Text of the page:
From the beginning the Paramount, Activision relationship has been a solid one. Paramount brought their vast Star Trek resources and Activision its core Real-Time Strategy production team to create the first RTS game set in the Star Trek: The Next Generation universe. From there it was just a matter of making the two pieces fit together into one awesome game.

Paramount, to assure the game would ring true to the franchise, supervised an approval process that not only looks at the game as a whole, but also every individual asset. This was very helpful in defining each individual race visually. When the art team was creating Klingon, Romulan, Borg and Federation ships and buildings not already existing in the Star Trek universe there was a tendency to inadvertently blur the lines between Klingon and Romulan architecture. (Not to mention squashing the Cardassian fetish our art team seemed to be partial to.) The people at Paramount were instrumental in guiding us through these changes. Paramount did a terrific job of pointing us in the right direction by suggesting and showing us examples of Klingon and Romulan architecture. Usually by the second pass both sides were happy. When the design team was writing dialog for existing Trek characters Paramount kept close watch to make sure the text stayed true to the character. However when the design team was creating new characters, Paramount gave us more room to improvise.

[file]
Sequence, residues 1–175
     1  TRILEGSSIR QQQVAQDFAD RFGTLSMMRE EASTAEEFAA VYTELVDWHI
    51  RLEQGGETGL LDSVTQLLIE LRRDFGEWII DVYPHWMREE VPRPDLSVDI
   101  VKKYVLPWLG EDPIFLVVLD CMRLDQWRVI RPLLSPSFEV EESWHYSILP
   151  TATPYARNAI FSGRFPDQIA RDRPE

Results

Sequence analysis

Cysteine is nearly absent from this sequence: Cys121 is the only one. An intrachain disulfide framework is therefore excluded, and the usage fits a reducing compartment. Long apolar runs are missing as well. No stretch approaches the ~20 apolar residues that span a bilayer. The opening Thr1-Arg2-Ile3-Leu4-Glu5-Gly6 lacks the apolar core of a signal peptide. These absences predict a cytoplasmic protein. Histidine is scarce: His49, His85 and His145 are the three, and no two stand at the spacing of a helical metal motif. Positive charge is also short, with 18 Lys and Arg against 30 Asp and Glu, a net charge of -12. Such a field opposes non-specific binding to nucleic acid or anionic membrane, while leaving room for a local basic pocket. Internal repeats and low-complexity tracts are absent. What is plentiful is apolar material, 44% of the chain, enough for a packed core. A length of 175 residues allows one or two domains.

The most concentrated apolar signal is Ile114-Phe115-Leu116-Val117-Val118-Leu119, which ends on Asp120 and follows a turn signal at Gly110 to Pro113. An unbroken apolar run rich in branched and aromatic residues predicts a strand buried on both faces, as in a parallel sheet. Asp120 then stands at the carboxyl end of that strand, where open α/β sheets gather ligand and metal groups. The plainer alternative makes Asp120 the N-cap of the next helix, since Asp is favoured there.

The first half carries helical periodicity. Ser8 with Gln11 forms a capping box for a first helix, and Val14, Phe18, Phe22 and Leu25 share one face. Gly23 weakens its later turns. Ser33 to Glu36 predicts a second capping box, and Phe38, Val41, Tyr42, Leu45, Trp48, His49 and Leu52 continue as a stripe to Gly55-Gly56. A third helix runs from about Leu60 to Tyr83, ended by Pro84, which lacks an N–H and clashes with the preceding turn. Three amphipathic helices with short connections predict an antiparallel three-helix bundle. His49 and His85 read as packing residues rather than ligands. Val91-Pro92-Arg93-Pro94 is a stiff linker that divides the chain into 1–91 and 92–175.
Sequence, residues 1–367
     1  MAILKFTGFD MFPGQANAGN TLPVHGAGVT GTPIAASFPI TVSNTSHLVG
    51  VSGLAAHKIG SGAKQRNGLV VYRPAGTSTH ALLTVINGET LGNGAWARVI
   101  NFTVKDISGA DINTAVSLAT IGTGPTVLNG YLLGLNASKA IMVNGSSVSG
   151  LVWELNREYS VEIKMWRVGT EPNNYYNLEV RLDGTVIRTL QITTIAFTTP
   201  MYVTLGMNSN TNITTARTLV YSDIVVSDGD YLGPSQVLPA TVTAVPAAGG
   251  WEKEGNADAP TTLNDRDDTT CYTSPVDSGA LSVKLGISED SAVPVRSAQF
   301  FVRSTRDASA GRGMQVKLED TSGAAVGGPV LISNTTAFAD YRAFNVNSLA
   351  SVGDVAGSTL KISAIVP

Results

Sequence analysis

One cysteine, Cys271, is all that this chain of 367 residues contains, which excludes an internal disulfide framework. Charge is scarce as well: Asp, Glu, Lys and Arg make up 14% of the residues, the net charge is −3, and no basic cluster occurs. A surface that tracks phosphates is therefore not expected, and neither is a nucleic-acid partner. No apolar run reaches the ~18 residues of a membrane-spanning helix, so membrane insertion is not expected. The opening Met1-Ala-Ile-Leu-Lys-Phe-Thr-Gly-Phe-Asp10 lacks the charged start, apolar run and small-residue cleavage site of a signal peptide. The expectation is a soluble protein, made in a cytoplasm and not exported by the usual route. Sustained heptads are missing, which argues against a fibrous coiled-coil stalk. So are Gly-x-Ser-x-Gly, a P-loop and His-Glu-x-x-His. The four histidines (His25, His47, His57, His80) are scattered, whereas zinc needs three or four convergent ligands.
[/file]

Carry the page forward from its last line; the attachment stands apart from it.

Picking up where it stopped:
While every asset needed to be approved by Paramount, the production team still has had more than its share of creative freedom. The true Trekkers on the team salivated over the opportunity to create new ships and buildings within the Star Trek gaming universe and they were not disappointed. My favorite ship created by the design/art team is the USS Premonition, a prototype Federation ship from the future who’s third Nacelle gives it time travel capabilities. The Borg and Romulan sides required many more ships than were established on the television shows and movies thus the team had the chance to add to their armadas by creating new ones. Paramount was very helpful in this process by telling us where the Star Trek Universe was headed so our designs could reflect these advances.